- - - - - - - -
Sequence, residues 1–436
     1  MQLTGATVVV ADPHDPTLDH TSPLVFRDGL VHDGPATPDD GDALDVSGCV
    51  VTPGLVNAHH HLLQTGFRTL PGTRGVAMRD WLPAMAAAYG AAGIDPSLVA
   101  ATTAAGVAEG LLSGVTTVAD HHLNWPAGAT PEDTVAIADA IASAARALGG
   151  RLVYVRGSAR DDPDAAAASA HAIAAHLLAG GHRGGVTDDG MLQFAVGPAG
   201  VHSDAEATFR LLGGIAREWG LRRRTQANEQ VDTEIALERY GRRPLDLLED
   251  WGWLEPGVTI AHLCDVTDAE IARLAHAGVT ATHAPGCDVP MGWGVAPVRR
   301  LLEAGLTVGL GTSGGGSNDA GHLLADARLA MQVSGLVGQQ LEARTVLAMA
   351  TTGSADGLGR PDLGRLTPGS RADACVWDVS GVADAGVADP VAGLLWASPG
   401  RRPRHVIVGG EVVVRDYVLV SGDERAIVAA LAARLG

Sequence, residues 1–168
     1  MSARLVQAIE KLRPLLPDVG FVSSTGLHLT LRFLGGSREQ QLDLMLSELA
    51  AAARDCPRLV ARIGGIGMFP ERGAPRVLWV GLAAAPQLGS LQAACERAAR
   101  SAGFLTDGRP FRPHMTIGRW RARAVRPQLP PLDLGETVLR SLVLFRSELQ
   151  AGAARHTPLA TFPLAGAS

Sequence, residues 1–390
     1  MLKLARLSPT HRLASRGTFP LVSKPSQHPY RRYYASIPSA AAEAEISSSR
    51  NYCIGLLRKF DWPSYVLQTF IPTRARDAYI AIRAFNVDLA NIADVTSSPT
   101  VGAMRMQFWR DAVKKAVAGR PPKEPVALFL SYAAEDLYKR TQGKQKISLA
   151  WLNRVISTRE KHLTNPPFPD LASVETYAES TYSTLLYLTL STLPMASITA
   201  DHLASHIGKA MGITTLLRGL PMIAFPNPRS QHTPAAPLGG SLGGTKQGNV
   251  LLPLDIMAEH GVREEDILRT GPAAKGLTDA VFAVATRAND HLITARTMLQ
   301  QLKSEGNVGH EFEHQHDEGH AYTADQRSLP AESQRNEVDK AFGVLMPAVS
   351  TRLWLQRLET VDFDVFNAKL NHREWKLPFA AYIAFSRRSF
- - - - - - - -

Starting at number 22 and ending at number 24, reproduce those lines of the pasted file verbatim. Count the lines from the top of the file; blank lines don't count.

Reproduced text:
   251  LLPLDIMAEH GVREEDILRT GPAAKGLTDA VFAVATRAND HLITARTMLQ
   301  QLKSEGNVGH EFEHQHDEGH AYTADQRSLP AESQRNEVDK AFGVLMPAVS
   351  TRLWLQRLET VDFDVFNAKL NHREWKLPFA AYIAFSRRSF